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Dan Bookwalter

Comparing JPEGS

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I have a web cam that FTP's an image every 5 seconds , I need to process these images to see if anyone is in the lab. I tried inverting one of the images and adding them together , but there are too many changes. the web cam is mounted to an I-beam which does move very slightly so there are always little changes , i have a very crude method that cuts down on the number of images i save but i still get many images with no real changes. I don’t not have any of the NI Vision or IMAQ toolkits and wont be getting them. Anyone have any ideas on how I can process these images more effectively ?

Thanks

Dan

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QUOTE (Dan Bookwalter @ Oct 23 2008, 06:15 AM)

I have a web cam that FTP's an image every 5 seconds , I need to process these images to see if anyone is in the lab. I tried inverting one of the images and adding them together , but there are too many changes. the web cam is mounted to an I-beam which does move very slightly so there are always little changes , i have a very crude method that cuts down on the number of images i save but i still get many images with no real changes. I don't not have any of the NI Vision or IMAQ toolkits and wont be getting them. Anyone have any ideas on how I can process these images more effectively ?

I haven't tried this, but if I were to approach the issue without IMAQ or Vision I would start by comparing the image data of the two images. In the image data cluster is "image" array. Compare these arrays to a threshold value. If they differ by more than 80% (you'll have to play with the value) you know you have pretty significant changes in the picture.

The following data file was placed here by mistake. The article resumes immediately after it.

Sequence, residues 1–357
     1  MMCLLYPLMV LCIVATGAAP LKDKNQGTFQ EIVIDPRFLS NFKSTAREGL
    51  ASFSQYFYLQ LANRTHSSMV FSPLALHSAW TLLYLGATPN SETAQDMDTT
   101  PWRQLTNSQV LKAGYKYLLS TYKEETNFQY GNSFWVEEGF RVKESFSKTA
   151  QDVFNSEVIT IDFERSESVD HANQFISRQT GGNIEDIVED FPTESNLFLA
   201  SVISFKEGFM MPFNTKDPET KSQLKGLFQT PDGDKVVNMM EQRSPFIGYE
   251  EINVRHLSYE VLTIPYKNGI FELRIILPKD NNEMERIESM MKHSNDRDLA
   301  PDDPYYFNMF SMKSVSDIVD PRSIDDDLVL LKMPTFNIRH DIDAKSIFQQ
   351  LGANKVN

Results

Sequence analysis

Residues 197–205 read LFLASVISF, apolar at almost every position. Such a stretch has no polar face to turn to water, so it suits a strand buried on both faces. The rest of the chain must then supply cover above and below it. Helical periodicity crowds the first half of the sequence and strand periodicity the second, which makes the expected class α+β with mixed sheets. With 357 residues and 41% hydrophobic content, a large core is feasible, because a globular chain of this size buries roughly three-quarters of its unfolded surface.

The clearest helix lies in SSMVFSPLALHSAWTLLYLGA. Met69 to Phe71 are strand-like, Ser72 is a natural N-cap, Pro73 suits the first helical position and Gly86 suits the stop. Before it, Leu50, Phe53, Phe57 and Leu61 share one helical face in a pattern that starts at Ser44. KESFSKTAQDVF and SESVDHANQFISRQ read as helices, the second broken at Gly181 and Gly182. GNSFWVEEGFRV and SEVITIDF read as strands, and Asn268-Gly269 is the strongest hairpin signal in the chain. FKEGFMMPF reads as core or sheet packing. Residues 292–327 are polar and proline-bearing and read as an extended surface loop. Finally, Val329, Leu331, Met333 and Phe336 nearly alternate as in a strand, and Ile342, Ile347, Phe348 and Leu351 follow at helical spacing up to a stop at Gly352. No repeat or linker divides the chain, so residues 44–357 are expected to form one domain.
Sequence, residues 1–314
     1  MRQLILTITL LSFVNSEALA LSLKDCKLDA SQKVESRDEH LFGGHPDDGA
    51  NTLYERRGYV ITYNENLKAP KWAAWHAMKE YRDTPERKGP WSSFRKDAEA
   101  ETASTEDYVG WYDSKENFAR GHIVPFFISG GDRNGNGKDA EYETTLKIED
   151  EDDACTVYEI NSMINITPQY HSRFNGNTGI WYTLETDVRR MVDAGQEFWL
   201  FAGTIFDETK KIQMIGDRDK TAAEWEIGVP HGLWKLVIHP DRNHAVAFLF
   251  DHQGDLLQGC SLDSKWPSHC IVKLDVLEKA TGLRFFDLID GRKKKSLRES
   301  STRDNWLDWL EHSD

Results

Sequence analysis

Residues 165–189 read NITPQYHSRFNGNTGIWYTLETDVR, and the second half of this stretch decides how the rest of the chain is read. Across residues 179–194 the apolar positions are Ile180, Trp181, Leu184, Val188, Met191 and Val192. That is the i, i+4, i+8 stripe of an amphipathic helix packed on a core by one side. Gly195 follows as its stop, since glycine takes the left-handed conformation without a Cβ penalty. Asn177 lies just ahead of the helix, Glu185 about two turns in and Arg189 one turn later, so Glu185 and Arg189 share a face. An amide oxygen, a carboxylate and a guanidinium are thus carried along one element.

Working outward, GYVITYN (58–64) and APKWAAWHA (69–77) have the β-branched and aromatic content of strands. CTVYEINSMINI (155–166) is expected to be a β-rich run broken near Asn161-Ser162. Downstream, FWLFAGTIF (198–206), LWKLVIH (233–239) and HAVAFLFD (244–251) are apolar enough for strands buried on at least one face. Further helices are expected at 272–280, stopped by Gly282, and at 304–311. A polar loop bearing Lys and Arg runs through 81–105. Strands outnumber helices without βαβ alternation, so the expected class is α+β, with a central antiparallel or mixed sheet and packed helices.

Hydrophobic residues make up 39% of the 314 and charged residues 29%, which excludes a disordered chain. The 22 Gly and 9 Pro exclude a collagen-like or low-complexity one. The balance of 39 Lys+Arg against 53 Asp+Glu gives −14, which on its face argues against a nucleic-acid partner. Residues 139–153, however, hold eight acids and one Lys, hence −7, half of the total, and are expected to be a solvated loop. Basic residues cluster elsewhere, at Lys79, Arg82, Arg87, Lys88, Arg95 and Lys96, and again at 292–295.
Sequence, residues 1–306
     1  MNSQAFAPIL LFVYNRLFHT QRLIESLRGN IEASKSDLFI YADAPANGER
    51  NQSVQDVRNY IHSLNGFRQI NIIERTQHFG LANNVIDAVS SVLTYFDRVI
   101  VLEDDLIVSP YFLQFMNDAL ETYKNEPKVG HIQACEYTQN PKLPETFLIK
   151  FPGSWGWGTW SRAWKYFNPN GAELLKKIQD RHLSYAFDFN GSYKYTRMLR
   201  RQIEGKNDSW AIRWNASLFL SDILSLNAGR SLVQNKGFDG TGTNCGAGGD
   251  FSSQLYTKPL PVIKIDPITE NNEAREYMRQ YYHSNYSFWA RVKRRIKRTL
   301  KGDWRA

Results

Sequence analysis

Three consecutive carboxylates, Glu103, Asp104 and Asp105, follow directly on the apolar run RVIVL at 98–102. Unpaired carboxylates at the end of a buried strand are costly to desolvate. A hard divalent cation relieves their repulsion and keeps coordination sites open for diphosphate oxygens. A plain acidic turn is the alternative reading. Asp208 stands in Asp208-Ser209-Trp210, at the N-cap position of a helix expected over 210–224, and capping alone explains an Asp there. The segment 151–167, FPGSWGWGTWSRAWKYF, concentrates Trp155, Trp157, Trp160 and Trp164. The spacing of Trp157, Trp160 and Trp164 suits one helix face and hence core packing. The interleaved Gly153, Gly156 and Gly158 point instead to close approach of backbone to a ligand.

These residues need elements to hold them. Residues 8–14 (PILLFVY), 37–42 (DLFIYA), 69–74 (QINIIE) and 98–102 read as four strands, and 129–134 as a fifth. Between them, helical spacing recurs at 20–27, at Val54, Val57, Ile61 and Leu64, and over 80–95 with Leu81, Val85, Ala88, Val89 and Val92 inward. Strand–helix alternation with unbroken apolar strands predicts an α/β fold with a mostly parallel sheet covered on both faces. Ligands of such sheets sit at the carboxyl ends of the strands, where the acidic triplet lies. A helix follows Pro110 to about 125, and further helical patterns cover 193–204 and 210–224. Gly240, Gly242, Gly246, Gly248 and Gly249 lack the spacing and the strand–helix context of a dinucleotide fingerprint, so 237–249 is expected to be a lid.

-Toby

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QUOTE (TobyD @ Oct 23 2008, 11:26 AM)

I haven't tried this, but if I were to approach the issue without IMAQ or Vision I would start by comparing the image data of the two images. In the image data cluster is "image" array. Compare these arrays to a threshold value. If they differ by more than 80% (you'll have to play with the value) you know you have pretty significant changes in the picture.

-Toby

Toby

that basically what i am currently doing , i need to work on how i do the comparison and the percent change , i was hoping maybe others have already gone down this road and could head me in the right direction....

Thanks

Dan

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QUOTE (Dan Bookwalter @ Oct 23 2008, 09:15 AM)

I don’t not have any of the NI Vision or IMAQ toolkits and wont be getting them. Anyone have any ideas on how I can process these images more effectively ?

This is kind of a random thought, but have you thought of comparing file sizes? JPG is a compressed format, so for spatially large enough images, the file size will change. Very very generally speaking, the more the image changes, the larger the file size delta*.

* I don't have any data to back that up.

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QUOTE (Dan Bookwalter @ Oct 23 2008, 06:15 AM)

I don't not have any of the NI Vision or IMAQ toolkits and wont be getting them.

I'm not trying to be negative here, but what's the motivation behind trying essentially a research-level project without the right set of tools?

With IMAQ you could probably threshold the images to highlight colors of interest (maybe bright colored clothes that a person might be wearing) and then try the Diff of the images. Or split the image into regions and try diff'ing just the regions.